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The Dead Don't Hurt

'The Dead Don't Hurt' (TIFF review)

burnsting burnsting Editor-in-chief Viggo Mortensen and Vicky Krieps star in Mortensen’s impressive second feature, a western that takes a romantic turn but also shows the harsh realities of the time.

Vivienne Le Coudy (Vicky Krieps) sells flowers on the market in 1860s San Francisco. She is being courted by a rich man. But as an independent woman she's not very interested.

When she meets the carpenter Holger (Viggo Mortensen) however, it's a different story. He's a simple man who wants a simple life. He finds them a quiet home outside of town. A home lacking the green garden Vivienne hoped for. But they can grow one themselves.

Holger and Vivienne have a good life. But Vivienne wants more for herself and applies for a job in the local saloon. Meanwhile, Holger decides to return to fight in the war, as it promises good pay.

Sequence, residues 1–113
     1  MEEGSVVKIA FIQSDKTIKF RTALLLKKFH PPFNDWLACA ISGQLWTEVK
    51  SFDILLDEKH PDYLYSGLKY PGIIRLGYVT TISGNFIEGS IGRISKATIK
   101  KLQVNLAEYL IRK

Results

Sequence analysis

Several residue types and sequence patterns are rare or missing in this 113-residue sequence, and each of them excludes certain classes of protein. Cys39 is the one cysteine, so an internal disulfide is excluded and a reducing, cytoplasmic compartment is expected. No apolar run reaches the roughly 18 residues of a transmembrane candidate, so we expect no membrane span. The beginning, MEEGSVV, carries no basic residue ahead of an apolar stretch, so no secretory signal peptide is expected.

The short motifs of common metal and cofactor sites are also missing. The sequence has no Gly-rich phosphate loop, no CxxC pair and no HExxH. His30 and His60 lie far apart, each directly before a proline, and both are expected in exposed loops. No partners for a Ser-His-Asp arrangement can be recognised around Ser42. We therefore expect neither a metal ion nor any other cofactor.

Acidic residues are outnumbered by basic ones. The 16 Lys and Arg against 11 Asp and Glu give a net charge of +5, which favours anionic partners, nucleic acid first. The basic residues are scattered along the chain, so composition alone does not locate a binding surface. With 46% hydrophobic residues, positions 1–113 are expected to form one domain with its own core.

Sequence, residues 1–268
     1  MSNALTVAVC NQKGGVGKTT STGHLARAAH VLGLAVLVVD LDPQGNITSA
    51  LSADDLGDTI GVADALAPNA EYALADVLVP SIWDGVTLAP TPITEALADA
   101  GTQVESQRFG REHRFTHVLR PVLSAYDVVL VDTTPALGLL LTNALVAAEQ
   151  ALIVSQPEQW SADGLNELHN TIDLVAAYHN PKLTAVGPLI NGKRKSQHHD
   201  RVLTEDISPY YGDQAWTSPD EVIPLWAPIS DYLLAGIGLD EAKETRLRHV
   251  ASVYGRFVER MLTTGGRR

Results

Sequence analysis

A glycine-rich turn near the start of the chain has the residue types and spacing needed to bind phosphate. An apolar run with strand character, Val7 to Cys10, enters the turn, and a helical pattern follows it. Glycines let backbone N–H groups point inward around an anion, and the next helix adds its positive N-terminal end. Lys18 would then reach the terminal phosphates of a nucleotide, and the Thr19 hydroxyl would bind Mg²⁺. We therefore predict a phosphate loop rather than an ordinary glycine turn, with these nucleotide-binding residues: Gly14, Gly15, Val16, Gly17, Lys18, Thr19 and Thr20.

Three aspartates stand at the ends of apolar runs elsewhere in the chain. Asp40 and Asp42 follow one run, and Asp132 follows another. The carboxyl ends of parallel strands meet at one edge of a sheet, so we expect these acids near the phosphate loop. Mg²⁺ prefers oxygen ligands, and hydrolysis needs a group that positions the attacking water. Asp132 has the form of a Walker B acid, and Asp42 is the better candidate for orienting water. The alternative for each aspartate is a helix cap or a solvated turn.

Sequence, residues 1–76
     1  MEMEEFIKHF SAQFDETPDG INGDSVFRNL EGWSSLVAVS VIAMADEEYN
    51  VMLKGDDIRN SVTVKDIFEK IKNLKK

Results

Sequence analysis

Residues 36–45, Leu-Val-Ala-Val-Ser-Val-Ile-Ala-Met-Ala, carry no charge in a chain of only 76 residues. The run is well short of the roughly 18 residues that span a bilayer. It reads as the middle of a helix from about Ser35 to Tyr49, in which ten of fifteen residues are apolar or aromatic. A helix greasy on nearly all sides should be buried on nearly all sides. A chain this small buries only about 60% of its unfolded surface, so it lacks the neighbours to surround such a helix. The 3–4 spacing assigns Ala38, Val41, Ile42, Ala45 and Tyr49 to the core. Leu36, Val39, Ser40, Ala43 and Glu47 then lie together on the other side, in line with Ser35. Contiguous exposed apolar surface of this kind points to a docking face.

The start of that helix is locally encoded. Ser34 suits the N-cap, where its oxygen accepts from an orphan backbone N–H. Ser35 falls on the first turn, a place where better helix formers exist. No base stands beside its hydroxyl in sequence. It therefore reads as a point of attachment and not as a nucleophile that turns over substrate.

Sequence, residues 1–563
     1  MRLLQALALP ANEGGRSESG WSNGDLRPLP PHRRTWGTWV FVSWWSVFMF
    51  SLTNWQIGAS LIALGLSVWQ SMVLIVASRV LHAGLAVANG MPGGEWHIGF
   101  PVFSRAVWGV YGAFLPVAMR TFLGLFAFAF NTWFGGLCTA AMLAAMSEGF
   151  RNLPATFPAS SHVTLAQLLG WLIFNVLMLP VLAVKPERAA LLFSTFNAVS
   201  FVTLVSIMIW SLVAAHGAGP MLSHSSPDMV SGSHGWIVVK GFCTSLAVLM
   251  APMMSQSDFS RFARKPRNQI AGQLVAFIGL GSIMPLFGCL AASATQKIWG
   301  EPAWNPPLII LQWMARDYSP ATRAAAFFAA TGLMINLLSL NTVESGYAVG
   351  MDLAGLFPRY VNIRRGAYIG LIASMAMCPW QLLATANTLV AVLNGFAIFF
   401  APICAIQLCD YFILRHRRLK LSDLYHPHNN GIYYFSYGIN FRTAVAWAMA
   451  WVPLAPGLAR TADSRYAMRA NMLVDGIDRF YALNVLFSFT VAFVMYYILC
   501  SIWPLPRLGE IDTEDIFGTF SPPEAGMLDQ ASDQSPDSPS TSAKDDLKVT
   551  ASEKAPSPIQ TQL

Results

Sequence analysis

Without outlining the whole story here, their separation proves a turning point in their lives. Especially for Vivienne, who we keep following as she deals with the harsh realities for women in the 1860s.

Viggo Mortensen directs 'The Dead Don't Hurt'
Viggo Mortensen directs 'The Dead Don't Hurt'

Mortensen proves his chops as a director, delivering a subtle and fine-tuned film, without giving himself all the glorious scenes.

Vicky Krieps, meanwhile, shows us a strong woman. Independent and dealing with facts that would be hard to deal with for anyone, even today.

'The Dead Don't Hurt' is a bit slow at times, and it could've been a bit less drawn out. But the whole journey still makes it worthwhile. The payoff we finally get is sweet. Though, with all that has happened before it, bittersweet might be a better word for it.

'The Dead Don't Hurt' had its world premiere at  #TIFF23 and doesn't have a release date yet.

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burnsting burnsting Editor-in-chief

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